Why construction companies are focusing on mobile working
Construction companies are increasingly looking to provide mobile working options.
This is one of the ways businesses are responding to people’s changing work habits and experiences, with employees now more likely than ever to want to do their jobs on the go, whether it’s because they live in a different part of town or simply don’t like being stuck at their desk all day. It also reflects broader market trends, as seen by a quick search for “telecommuting” on LinkedIn bringing up almost 1 million hits.
But why should construction firms be interested in offering this service? What benefits does it have? And what challenges might it face?
Here are some of the marketing director at a construction company:
Q. What are the main benefits of mobile working for construction companies?
A. A major benefit of offering mobile working options to your employees is that it can not only improve their quality of life, but also increase productivity levels by reducing distractions and making them feel more connected to the business. This leads to less absenteeism among staff, which in turn saves money because fewer people need to be employed on a given project. Firms can make additional savings too by encouraging staff to work while they commute or while at home, perhaps when transport may be cheaper or quieter during quiet times of day.
The other advantage is that it can attract new talent , where workers tend not to want to work in an office anymore if they have flexible options available
Q. Why are construction companies increasingly looking at mobile working?
A. It’s down to a couple of reasons. First, the rate of change in the world of work has increased dramatically over the past few years, which is very different from how it was even three or four years ago, where there were defined roles with clear boundaries.
Nowadays people are expected to be more flexible and agile – able to move between projects or teams as required – and this is something they’ve come to expect from their employers too. Undertaking aspects of your role away from an office environment can make these transitions much smoother by allowing employees to still have some continuity when moving between job sites or clients without time off in between. So that’s one reason.
Secondly, mobile working is very much in keeping with several of the core principles of construction – being reliable, transparent and accountable are just three that spring to mind. So by allowing people to work remotely it encourages them to be more effective at their jobs while also ensuring you have a better handle on how they’re actually spending their time. Which means you can get more done in less time, or get rid of deadweight, so it’s win-win really.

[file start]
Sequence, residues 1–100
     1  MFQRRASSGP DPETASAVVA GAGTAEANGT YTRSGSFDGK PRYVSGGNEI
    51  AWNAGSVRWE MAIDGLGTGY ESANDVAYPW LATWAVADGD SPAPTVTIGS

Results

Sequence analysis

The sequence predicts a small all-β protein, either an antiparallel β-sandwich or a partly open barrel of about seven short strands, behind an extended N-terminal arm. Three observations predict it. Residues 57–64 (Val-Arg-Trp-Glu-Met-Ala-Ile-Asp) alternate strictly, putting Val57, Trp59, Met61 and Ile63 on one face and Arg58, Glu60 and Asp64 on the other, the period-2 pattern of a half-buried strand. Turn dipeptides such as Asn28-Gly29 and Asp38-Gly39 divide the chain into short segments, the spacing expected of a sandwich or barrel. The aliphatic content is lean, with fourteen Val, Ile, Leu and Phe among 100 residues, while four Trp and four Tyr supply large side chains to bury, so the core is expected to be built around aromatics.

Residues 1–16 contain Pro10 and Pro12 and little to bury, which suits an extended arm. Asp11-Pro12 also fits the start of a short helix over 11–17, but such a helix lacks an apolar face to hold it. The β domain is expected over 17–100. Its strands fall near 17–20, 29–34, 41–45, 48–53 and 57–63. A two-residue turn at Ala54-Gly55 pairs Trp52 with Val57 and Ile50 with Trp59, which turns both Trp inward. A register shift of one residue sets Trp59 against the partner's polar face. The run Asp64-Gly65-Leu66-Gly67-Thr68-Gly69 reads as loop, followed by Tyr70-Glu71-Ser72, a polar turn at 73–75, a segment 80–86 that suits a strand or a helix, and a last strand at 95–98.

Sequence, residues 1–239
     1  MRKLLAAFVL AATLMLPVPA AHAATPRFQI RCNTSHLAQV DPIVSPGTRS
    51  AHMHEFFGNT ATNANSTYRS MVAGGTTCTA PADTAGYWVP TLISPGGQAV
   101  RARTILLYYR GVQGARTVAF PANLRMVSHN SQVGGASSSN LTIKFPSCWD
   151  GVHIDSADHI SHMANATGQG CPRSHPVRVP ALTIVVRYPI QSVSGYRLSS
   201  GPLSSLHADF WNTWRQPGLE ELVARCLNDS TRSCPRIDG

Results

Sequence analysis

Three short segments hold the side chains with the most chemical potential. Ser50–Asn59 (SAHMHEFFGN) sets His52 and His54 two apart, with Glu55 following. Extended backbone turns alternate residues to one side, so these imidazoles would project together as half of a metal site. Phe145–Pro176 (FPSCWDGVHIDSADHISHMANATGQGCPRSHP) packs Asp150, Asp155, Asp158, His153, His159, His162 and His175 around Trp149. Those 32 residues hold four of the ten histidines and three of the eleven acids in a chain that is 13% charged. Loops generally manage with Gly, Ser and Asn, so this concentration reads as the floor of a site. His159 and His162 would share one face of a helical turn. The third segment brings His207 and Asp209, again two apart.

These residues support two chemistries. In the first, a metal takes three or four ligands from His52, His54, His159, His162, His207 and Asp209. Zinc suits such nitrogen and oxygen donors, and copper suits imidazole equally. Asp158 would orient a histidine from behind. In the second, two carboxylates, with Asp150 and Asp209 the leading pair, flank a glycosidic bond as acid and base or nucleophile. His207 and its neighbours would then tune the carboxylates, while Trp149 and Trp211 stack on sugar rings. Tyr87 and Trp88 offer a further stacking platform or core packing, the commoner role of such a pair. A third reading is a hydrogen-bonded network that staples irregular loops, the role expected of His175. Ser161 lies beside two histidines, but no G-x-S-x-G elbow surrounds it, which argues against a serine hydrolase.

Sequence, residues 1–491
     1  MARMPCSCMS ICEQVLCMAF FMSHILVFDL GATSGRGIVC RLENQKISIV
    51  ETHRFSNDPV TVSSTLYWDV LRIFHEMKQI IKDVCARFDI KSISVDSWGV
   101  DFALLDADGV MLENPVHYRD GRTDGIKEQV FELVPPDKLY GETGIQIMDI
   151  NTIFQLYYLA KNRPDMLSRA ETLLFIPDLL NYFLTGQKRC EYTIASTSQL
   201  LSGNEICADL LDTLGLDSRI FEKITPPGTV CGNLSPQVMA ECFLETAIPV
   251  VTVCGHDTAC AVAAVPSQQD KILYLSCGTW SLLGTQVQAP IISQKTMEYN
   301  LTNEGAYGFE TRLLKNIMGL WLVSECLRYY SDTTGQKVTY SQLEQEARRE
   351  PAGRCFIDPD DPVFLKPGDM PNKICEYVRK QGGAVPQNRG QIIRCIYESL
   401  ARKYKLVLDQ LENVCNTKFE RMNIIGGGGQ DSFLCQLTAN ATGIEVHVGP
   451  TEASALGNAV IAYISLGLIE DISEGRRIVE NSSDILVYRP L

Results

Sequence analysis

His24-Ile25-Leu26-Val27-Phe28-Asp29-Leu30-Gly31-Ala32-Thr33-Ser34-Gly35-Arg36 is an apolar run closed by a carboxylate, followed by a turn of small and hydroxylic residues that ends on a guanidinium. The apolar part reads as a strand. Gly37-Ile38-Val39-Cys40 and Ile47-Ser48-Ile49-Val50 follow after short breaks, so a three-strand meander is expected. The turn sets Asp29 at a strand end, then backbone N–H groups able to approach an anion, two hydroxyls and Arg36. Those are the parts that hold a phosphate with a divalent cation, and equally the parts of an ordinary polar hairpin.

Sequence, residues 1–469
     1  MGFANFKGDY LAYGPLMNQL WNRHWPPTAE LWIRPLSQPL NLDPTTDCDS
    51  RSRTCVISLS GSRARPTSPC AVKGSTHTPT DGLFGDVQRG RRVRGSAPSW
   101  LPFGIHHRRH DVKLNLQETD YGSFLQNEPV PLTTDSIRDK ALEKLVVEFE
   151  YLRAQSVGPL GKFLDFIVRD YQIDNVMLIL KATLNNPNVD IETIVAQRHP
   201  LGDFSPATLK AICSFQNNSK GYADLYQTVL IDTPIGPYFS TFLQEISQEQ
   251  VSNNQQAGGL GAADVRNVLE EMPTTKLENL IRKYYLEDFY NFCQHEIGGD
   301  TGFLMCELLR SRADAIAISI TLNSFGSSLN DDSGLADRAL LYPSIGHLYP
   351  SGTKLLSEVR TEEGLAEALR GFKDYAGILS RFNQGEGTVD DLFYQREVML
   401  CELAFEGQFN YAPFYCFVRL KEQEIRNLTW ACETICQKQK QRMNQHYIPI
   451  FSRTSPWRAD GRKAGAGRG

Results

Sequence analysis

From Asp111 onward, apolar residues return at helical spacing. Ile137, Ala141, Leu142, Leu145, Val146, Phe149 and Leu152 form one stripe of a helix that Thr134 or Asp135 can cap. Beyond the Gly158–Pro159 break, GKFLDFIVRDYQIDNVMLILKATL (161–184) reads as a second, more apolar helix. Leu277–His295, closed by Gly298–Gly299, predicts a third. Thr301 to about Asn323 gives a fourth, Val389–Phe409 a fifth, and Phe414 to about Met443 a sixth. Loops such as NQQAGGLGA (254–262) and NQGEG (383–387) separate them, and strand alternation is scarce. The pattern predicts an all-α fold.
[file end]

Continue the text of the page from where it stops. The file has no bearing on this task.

Q. How are businesses responding to the changing workforce?
A. As I mentioned earlier, the rate of change has increased significantly in recent years which means that not only do employees need to adapt but companies also need to develop too; basically there is no time to sit still.
Ensuring that your team members have the ability to work away from a traditional office environment is an essential part of this, as it allows you to attract and retain the best talent for your business. It also helps to make remote workers feel valued as an integral part of the organisation rather than someone who is ‘out of sight out of mind’ because they’re not sat at their desk every day.
In addition, employers are increasingly recognising that people are actually more productive when they’re allowed to work in different ways . So by allowing them to use mobile technology in their roles it means they can be working towards particular outcomes wherever they are – which has obvious benefits for project timescales.
We’ve seen a number of high profile examples in the media over the past 12 months where firms have been able to save money by making people work from home, or offsite. We have been encouraging flexible working for a while now so it’s something that our staff members are very used to and comfortable with. It also helps us attract talent too because if someone is only available during certain times of day then you need to be open to that otherwise they’ll go elsewhere.
Q. What does your business look like in 2022 and beyond?
A. The pace of change will continue but I think remote and mobile working will become increasingly normalised and therefore accepted as a fact of life rather than an alternative way of doing things. Don’t get me wrong, some workers will always prefer to be in the office every day but for those who are on the go a lot – which is most people nowadays – being able to work flexibly gives them peace of mind that they’re still being productive. So basically I think that what’s happening now is just part of an ongoing shift towards more mobile working. It won’t be long before you see it become the norm across all sectors too.
Q. What advice would you give businesses looking to implement mobile working programmes?
A. Be flexible and open-minded about how people choose to do their jobs.
If someone requires certain software or equipment to complete their role effectively then make sure this is available or at least provided without charge wherever possible (e.g. laptops, smartphones).
Encourage each member of the team to work in a way that suits them and provides them with reassurance so they can get on with their jobs without being worried about missing deadlines or falling behind. It’s not always possible, but if you can help people to reduce their commute time by allowing them to do some of their work from home then it will ultimately benefit your organisation because people are more productive when working under those conditions.
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